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Photo courtesy of PopSockets

PopSockets: A Pop Culture Phenomenon from the Brain of a CU Philosophy Professor

One of the country’s most popular—and useful—smartphone accessories is a celebrity-approved Boulder original.

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Time magazine might have named the selfie stick one of the best inventions of 2014, but the venerable pub missed an equally clever—and far less obnoxious—smartphone accessory that publicly debuted the same year: PopSockets. The collapsible grips/stands attach to the backs of phones, making them easier to hold in one hand for taking selfies or for scrolling through your Instagram feed. The brainchild of David Barnett, a former philosophy professor at the University of Colorado Boulder, PopSockets has increased its sales tenfold each year and delivered 35 million units in 2017 alone.

Its success story doesn’t follow the same plotline most modern startups do, though. PopSockets has received no venture capital funding and done little in the way of traditional marketing. Instead, Barnett relied on old-fashioned hustle. He manned a booth at the Consumer Electronics Show before connecting with buyers from Sam’s Club and T-Mobile in his second year and landing PopSockets’ first major retailer deals. Those coups allowed him to hire people (like the former president of Boulder’s Kidrobot) with the business acumen he didn’t possess. A little luck hasn’t hurt either: Early versions somehow found their ways into the hands of celebrities such as Serena Williams and model Gigi Hadid, serving as unexpected free marketing.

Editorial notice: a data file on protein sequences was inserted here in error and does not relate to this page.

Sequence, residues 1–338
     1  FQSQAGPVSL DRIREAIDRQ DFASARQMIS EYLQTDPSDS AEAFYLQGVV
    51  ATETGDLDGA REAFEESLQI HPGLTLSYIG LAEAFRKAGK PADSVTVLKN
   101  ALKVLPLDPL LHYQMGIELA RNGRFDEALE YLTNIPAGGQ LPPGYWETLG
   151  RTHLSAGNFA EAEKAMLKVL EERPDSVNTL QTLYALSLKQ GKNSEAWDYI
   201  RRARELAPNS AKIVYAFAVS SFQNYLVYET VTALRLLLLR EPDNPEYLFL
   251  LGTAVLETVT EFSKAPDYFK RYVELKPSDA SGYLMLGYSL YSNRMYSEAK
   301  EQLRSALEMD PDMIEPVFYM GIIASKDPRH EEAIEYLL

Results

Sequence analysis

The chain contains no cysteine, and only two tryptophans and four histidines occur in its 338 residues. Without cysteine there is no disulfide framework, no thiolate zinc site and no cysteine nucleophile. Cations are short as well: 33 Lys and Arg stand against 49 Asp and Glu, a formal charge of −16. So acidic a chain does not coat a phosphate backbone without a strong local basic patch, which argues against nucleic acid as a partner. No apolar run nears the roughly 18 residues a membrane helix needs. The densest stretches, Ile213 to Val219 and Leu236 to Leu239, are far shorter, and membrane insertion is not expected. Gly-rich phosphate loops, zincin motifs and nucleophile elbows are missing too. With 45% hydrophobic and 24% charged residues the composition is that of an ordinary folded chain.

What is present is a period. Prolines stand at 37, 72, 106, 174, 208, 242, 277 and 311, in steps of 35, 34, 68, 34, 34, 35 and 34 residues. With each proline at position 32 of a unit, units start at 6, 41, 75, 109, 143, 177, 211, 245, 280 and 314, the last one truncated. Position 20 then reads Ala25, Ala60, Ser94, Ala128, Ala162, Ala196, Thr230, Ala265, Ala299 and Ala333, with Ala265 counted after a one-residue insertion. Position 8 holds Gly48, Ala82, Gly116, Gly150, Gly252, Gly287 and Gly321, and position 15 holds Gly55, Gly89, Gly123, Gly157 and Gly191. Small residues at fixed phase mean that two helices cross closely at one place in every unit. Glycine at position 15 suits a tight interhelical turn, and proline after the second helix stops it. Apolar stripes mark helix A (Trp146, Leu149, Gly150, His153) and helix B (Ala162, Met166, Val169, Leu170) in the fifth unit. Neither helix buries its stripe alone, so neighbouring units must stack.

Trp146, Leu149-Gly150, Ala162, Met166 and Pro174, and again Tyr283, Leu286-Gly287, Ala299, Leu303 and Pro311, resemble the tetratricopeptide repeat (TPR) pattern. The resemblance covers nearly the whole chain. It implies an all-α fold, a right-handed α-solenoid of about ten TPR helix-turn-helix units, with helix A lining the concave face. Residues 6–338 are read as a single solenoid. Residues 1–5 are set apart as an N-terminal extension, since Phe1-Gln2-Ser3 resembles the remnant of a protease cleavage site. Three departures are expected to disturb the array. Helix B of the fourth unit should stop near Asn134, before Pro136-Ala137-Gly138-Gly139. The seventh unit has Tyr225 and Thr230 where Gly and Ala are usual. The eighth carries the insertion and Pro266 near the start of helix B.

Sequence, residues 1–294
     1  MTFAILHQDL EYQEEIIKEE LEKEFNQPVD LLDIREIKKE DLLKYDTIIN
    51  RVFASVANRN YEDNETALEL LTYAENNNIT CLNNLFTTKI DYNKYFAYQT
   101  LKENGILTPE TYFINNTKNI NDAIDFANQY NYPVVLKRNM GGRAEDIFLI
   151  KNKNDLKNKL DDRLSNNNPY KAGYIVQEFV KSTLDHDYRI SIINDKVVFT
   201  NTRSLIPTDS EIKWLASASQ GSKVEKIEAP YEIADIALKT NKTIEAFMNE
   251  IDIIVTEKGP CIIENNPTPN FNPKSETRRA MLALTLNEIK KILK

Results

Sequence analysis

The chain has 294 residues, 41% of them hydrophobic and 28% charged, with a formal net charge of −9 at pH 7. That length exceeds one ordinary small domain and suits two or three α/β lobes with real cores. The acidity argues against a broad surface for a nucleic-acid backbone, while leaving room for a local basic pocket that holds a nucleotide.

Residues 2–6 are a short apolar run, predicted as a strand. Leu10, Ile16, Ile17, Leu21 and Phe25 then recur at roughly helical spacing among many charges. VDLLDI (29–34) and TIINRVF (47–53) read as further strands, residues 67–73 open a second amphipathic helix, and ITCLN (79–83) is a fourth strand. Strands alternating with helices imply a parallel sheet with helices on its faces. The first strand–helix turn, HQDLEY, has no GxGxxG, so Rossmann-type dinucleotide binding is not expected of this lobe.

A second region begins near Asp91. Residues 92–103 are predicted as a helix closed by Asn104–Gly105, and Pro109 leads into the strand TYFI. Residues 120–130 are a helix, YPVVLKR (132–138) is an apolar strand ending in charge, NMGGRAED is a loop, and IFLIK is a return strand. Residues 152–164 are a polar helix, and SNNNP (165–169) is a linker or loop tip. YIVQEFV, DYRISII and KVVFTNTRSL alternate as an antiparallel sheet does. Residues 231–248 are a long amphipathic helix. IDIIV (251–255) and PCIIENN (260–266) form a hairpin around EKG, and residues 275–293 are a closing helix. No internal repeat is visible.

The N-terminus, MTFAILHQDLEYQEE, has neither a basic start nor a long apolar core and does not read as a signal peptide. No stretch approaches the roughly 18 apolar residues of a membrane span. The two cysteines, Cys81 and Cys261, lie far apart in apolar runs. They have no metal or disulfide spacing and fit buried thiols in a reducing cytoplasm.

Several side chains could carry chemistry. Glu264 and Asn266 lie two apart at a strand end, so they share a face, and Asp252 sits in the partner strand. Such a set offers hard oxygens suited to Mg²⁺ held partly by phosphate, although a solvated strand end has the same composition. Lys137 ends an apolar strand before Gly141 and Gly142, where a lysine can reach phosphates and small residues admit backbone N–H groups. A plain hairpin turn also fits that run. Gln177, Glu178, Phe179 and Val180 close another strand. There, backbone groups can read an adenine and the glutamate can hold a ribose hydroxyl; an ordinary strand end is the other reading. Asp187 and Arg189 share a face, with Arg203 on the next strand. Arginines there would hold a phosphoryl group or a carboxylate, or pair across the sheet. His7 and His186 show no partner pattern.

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That wasn’t the only happy accident in PopSockets’ brief history. Barnett’s initial design—for which he ran a 2012 Kickstarter campaign—featured two separate grips, like buttons on a snowman, around which users could weave earbud cords to keep them untangled. But his students, an informal focus group of sorts, gravitated toward the grip feature, so Barnett fabricated a simpler version instead. When YouTube stars discovered the product, PopSockets capitalized, asking the social media influencers to design their own collections. Today, the Boulder-based company has relationships with Swarovski, Marvel, and the NBA and offers about 1,000 styles ($10 to $50).

10 percent of net online proceeds PopSockets donates to nonprofit partners (Englewood’s Craig Hospital is the current beneficiary).

Barnett recognizes that PopSockets’ growth isn’t sustainable and that the market will soon be saturated with competitors. “New growth won’t only come from adding new colors,” he says. “It will come from international expansion and new products.” To that end, a car-vent mount launched in February and a stick-on wallet case with a PopSockets grip will debut online later this year. Maybe Time will finally start taking note.

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